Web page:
The first finding is that students irrespective of their College Units of study and academic programmes do experience similar magnitude of stress, implying that there is no difference among the College Units. This finding is not in consonant with the finding made by Thawabieh and Qaisy [37] who found that gender, College and study level are statistically significant factors in causing stress. The findings of the study conducted by Khan [17] revealed that self-esteem and stress are strongly correlated with each other but gender has no significant impact on students’ GPA. In another study the results reveals that Male students’ more than female students experienced greater stress due to absence of social support. This is as a result of female students having a better social support received from their families compared to male students who are usually left to fend for themselves in schools [35, 36]. This therefore supported the results of this research. The second finding of the research work indicated that academic programmes do influence the student’s levels of stress, indicating that despite the fact that HND students are fewer in number; their mean stress level is the highest. This is in agreement with the finding of Thawabieh and Qaisy [37]. In another study conducted in Uganda the results reveals that, new students experienced the most academic stress associated with financial short supply (χ2 = 10.71; p = .03), followed by academic overload and time shortages with (χ2 = 10.23; p = .04) and social expectations (χ2 = 10.79; p = .01) compared with the old students. Study habits also reveals that those with intricinct motivation scored (M = 6.52; SD = 1.18) among the respondent while a habit of studying at least a chapter was the lowest study habit among the Ugandan students with (M = 3.86; SD = 1.35). The result of the third hypothesis reveals the results of stress level by faculty type. The chi-square results indicated that students of development studies had better study habits and less stress compared with other faculties with (χ2 = 8.75; p = .03). This results also translated into a better grade with GPA/CGPA 4.40 - 5.00 category for those in development studies and (χ2 = 11.47; p = .01) GPA/CGPA categories for those in the other faculties with bad study habit and high stress level. The third findings indicated that marital status do influence the students levels of stress with the Separated group having a higher mean score value for their stress levels. It is obvious that students who are separated from their parents are bound to face series of psychological, economic, financial problems and thus require periodic counseling services to either reduce or overcome their troubling distracters [37]. This study is in tandem with study conducted for matured students i.e, aged, married, and females to have performed woefully as results of these demographic characteristics in basic science like mathematics. This results presented by Krausel, et al [18], signifies that marital status serve as a stressor to most matured students in schools. In another study by Nuako, K. Charlotte, Agnes, & Juliet [22] for evening nontraditional students in Ghana reveals as follows; that office work, family responsibility and educational career made most female married students more stressful than their unmarried counterparts. Added to this married students without own means of transportation are more stressful than those with personal cars. This is independent of gender type. Those with family supporting their educational career experienced less stress compared to those without such support. The study uses Two-Way ANOVA and T-Test [22].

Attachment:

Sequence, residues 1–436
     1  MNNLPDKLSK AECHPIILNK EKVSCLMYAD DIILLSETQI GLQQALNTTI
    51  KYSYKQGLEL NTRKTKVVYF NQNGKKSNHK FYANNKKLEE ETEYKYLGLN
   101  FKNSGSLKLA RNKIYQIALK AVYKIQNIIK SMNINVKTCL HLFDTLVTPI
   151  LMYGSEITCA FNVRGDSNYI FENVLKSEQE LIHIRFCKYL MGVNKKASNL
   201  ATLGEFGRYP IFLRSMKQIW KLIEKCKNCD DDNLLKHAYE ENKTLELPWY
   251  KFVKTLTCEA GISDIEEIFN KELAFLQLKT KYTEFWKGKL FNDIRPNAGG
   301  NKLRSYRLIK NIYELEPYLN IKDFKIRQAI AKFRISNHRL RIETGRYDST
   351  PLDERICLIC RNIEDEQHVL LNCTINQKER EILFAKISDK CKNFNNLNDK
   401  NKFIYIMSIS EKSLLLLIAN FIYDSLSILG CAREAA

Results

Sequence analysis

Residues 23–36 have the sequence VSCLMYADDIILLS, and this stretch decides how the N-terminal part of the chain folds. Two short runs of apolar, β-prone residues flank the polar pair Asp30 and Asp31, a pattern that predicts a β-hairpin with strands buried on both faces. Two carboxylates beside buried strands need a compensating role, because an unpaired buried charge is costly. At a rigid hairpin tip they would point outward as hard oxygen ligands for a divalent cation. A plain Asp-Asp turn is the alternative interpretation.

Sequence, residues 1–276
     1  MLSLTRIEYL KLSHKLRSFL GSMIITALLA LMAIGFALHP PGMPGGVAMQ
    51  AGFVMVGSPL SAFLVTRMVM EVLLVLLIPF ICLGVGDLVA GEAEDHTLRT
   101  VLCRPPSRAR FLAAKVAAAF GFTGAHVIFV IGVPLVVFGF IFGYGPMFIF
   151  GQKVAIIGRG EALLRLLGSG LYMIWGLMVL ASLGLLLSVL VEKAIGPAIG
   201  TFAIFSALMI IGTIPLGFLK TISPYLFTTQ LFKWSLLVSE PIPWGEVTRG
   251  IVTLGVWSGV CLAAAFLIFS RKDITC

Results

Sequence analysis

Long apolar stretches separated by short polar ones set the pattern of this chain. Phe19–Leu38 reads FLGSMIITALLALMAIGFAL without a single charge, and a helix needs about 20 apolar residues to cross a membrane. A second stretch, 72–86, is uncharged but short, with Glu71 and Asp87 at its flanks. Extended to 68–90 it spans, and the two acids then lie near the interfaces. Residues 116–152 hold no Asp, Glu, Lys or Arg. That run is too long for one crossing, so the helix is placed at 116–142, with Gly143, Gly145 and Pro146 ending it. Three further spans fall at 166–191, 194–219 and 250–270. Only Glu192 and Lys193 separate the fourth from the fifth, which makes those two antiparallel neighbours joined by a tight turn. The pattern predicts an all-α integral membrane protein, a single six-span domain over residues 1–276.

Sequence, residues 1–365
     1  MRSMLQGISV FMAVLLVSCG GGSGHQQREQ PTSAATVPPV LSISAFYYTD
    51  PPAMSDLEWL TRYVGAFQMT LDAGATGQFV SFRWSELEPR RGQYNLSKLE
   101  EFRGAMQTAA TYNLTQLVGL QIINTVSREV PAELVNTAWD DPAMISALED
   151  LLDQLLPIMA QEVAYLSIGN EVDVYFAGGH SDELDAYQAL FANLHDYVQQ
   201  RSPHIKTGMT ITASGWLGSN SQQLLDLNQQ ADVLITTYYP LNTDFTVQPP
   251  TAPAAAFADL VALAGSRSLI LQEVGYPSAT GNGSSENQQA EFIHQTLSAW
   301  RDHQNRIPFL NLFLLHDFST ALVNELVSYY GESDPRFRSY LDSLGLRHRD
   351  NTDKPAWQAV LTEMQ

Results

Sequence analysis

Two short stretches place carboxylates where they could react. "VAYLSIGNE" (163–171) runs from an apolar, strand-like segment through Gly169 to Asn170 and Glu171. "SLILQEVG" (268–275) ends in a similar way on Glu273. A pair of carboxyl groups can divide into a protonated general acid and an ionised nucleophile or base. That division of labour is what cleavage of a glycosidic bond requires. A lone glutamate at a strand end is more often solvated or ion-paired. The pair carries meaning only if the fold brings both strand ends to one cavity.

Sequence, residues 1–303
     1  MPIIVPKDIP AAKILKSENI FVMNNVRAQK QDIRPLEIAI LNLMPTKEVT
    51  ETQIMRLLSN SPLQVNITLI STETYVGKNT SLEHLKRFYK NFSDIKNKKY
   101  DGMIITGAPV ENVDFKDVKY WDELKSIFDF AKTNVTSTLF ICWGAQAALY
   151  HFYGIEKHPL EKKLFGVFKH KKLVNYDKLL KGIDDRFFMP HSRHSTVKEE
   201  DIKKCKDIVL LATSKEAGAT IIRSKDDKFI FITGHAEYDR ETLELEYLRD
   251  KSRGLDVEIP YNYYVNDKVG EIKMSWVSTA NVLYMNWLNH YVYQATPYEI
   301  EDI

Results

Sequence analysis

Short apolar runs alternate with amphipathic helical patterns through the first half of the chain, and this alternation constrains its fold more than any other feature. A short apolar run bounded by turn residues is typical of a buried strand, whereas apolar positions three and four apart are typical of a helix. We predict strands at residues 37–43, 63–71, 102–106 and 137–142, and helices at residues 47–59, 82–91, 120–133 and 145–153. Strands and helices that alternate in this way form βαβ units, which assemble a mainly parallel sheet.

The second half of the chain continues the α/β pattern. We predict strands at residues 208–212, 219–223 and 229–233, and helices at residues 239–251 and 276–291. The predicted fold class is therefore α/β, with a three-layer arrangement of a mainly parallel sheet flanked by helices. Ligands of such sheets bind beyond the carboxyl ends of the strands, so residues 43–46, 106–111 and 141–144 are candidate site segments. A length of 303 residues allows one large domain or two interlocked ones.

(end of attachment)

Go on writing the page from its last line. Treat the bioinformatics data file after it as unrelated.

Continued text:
8. Conclusion and Recommendations

Based on the findings of this study the following recommendations are made:

1. Students need to accept and recognize their individual limitations. Many a time’s student’s impost irrational time pressure on themselves, thinking l must do this now or never. Learn how to schedule time to handle assignments, projects, read for tests and examination, etc without creating much pressure for selves.

2. Students need to develop positive focus. They should take time each day to develop and perform self-analysis leading to self-actualization.

3. Students in stress management classes are taught to walk-away from stressful situations and return after calming down as a method for controlling stress.

4. Students should endeavor to seek professional counseling from experts – counselors and health professionals. Non-prejudiced listening can help them sort out the contradictions in their lives, to identify faulty thinking and to accomplish their realistic goals.

5. Periodic researches assessing the stress levels of students should be a continuous activity a means to an end and not an end in itself.

6. The need to evolve a good social support system in the various institutions will go a long way in guaranteeing students social relationship intertwining with academic activities with less stressful conditions.

7. Lower cost accommodation and conveniences away from that of the younger students will go a long way in reducing stress level for nontraditional students (married men and women and older students).

8. Children center for evening and weekend student remain very important stress relieving agents and as well source of employment and revenue for the institution and the community where the institution is located.